It’s been a good six months since the last LEGO robotics club at school – I should blog on what we did in that session.
This term it’s time to start up LEGO robotics again; we’ve limited the pre-school class to 4th and 5th grade – so we should have a pretty reasonable level of logic and construction skills.
I’m writing up the rules and the playbook for this session. We’re going to focus on three areas – similar plan to previous sessions:
– construction: gears, gear ratios and torque
– software: planning, prototyping, iterative troubleshooting
– project: communication, team work, documentation
The requirement is going to be:
Build a robot that can pull the largest mass on the sledge provided. A successful ‘pull’ will be over 50cm (20 inches)
Using the same robot chassis (you can change wheels and gears – but not rebuild the robot) cover a long, straight race course (~5m/~15 feet)in the shortest time.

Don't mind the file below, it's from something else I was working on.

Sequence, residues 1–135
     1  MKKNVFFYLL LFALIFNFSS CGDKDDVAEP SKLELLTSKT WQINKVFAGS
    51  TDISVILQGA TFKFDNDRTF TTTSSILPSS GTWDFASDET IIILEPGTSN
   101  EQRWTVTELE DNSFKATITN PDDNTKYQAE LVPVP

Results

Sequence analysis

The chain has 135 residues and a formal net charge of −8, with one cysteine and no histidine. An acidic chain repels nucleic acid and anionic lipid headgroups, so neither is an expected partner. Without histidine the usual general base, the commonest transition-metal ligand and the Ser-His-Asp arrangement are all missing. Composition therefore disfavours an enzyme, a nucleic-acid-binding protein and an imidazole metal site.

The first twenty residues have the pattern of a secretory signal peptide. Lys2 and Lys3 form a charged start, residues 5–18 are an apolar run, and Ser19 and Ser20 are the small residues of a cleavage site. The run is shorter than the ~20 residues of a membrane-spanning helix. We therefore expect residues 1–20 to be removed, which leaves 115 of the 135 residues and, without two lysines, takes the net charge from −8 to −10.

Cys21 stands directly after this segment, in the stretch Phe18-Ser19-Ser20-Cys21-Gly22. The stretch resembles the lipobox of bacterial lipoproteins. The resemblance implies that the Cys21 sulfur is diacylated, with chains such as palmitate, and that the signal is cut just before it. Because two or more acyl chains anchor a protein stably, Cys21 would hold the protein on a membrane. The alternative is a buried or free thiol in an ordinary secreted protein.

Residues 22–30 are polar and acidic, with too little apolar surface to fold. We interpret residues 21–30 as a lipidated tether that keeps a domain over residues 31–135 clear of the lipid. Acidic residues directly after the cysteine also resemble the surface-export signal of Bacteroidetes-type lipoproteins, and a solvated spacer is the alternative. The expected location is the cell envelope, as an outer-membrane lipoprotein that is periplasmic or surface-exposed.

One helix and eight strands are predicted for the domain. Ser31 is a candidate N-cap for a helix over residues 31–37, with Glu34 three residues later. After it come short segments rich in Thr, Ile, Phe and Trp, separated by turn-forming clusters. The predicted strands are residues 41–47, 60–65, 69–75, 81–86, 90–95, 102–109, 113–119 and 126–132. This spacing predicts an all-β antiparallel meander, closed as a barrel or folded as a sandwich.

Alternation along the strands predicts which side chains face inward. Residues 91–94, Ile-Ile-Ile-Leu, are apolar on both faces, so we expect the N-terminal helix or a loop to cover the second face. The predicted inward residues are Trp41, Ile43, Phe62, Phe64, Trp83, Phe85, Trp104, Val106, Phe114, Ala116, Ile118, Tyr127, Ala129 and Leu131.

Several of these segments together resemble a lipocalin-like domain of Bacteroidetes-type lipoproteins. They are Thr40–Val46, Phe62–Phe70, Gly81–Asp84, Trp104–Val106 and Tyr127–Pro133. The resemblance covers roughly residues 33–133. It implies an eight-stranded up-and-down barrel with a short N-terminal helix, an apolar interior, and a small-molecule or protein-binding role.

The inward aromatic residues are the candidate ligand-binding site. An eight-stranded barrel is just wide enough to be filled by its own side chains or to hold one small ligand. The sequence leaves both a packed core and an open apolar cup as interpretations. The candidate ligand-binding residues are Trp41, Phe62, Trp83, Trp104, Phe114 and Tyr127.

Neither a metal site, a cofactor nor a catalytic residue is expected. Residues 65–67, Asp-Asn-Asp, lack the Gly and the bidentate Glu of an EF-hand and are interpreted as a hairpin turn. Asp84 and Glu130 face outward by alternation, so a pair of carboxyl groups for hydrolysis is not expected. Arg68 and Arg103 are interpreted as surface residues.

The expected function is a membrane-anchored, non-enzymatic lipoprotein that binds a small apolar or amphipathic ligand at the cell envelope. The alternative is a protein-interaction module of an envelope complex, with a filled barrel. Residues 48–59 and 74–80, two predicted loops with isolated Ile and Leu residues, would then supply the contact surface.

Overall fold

Produce a display board for your project showing your design, thoughts, diagrams, photos and program.
I spent a lot of time over the Thanksgiving week sorting and rebuilding the LEGO Mindstorms kits. Here and here.
Today all of the groups at LEGO club had a working robot; complete with two motors and the light sensor.
The challenge today was to make the robot roll forward in the ‘Shark Tank’ (the light coloured floor), detect the dark edge of the carpet, stop and then reverse up.
Initially all of the teams had a go at programming this; the usual combination of loops and guesswork. I then moved on to ‘human prototyping’. Two of the LEGO group – Ben and Jonathon – became my motors and sensors. I had the entire group verbally express what should be happening:
Ben walks forward
Jonathan is on the carpet
Ben walks backward
I introduced the concept of both the LEGO ‘move’ and ‘wait’ blocks.
The next iteration was much better; most of the teams got the move – wait – move concept; the difficulty was working on the sensor values. Showing the on-brick sensor values (reflected light on floor = 54; reflected light on dark carpet = 32) really helped – back to the human prototype – Jonathon held his arms in the air (the high value) and dropped his arms (low value).
Finally some debugging (greater than, less than confusion; tweaking sensor values) and everyone had a working ‘edge sensor robot’.
Here’s the visual:
Here is a link to the tiny program shark-pool-edge.rbt from this morning.